She is a living legend in the art world, a kind of giant, a dichotomy of sorts because in person she really is quite delicate looking with slender features. Her hands in particular, which seem a stark contrast to the sort of macabre drawings they produce. Kiki Smith is my favorite artist’s favorite artist. I read that somewhere decades ago. Jasper Johns is famously tight-lipped to disclose the inner workings of his mind. Smith is similarly private. The language with which gallery director Domenic Iacono uses to describe Smith’s prolific career’s trajectory reminds me of this thing I read by a dating coach who insists women must keep men off-balance by speaking gibberish, like saying one thing and flipping it on its side to keep them guessing, lol. Not to say that his words are not an accurate portrayal.
Yes, I saw immediately via Smith’s slide presentation on Thursday evening, February 15, 2018 in the lecture hall adjacent to the gallery in Shaffer Art Building at Syracuse University how the work relates to life from birth to death and how that relationship is reproduced in a type of modern allegory. It’s just that the description gives the impression that the artist set out to make particular meaning in her work, that there was clear and deliberate intent to be a crusader of issues or whatever. And so, this presentation was like a breath of fresh air to me because it wasn’t what I expected at all.
There were around (or over) three hundred people in attendance, many of whom students searching for a road map to art success, a short-cut maybe despite their unique circumstances. Penny Santy, Laurel Morton and I had a different experience.
She said, “I don’t know” a lot. My friends and I responded to the realness of her being. Kind of reminded me of the Star Trek TNG movie where they time-travelled to meet the guy who invented warp drive. How they had studied him in school and expected him to be a type of god only to find him to have the same sort of trials and tribulations as any one of us.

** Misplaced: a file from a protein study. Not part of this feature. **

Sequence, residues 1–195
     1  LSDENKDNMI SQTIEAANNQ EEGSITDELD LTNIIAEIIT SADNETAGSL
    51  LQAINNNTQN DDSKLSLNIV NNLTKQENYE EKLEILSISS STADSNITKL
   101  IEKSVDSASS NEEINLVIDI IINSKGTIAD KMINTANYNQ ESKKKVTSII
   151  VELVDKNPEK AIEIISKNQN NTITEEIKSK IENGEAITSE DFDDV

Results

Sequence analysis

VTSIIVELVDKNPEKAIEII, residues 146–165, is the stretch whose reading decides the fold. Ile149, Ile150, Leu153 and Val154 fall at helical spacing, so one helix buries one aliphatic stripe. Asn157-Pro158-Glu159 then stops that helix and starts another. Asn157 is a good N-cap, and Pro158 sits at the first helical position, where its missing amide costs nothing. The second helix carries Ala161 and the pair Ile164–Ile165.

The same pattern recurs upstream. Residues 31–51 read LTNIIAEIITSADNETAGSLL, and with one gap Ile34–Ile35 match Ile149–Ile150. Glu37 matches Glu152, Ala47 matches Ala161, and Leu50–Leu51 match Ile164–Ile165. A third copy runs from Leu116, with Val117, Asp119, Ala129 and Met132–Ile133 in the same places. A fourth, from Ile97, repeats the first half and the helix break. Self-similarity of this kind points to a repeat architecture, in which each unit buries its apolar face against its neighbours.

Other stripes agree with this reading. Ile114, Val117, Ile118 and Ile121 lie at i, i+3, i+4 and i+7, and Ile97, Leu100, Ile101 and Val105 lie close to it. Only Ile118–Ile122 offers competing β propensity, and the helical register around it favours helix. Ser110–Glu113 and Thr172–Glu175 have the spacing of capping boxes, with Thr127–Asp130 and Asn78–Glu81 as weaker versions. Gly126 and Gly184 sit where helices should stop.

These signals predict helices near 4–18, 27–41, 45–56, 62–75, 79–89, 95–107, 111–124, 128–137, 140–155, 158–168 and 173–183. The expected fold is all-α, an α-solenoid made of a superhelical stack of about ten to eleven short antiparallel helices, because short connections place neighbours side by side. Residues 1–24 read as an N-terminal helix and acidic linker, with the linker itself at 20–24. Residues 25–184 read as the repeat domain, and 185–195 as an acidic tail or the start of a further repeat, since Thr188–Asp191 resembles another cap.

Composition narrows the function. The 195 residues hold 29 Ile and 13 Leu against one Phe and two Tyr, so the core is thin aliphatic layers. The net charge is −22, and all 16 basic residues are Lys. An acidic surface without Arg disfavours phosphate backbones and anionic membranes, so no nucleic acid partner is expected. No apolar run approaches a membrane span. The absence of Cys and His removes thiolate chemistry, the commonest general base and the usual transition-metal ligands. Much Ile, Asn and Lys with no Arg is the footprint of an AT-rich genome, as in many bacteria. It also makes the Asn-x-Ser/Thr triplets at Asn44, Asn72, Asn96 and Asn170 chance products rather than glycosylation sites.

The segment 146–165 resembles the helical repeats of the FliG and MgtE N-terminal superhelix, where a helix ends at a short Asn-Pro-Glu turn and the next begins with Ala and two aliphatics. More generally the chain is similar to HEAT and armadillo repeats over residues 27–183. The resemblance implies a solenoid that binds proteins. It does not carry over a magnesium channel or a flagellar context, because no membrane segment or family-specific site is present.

Smith sat in a corner until she was introduced then raced up and got caught up in the microphone’s battery, which messed up her hair and caused her to flop into position and, while struggling with the technology, to utter, “I’m totally discombobulated.”
You can hear my laugh in a large group situation. I really should get a job sitting in the audience during the taping of TV sit-coms. It was this unexpected sort of absentminded normalcy that I fell in love with. Because Kiki Smith was not there to teach us to be like her or offer advice on the inner workings of the international art world or art super-stardom.
She was here to share her art. It was her focus on the specific and unique problem solving issues related to art material and rudimentary technique that propelled her journey, which if plotted probably resembles a scribble rather than a connect-the-dot drawing.
Some people think or expect that you should make the same kinds of art forever because it creates a convenient narrative…I want my work to embody my inherent contradictions.
Art, she said, is not meant to be permanent and neither are we. It is simply a thing we can do to make our marks. It passes the time. You can sell it or give it away to friends. This despite also indicating that 90% of her art is self-owned and in storage, which most of us can relate to, lol. She acknowledged that she was priveleged; she mentioned her father several times as well-known sculptor Tony Smith. She said she was a college drop-out who had an inkling to become a baker and chef but never really learned to cook. So she began to experiment with cheap or rather, non-archival art materials to sort of replicate the braid strands in challah bread and from that her artwork evolved through the evolution of several decades to sculpture, jewelry making, tapestry and stained glass via printmaking.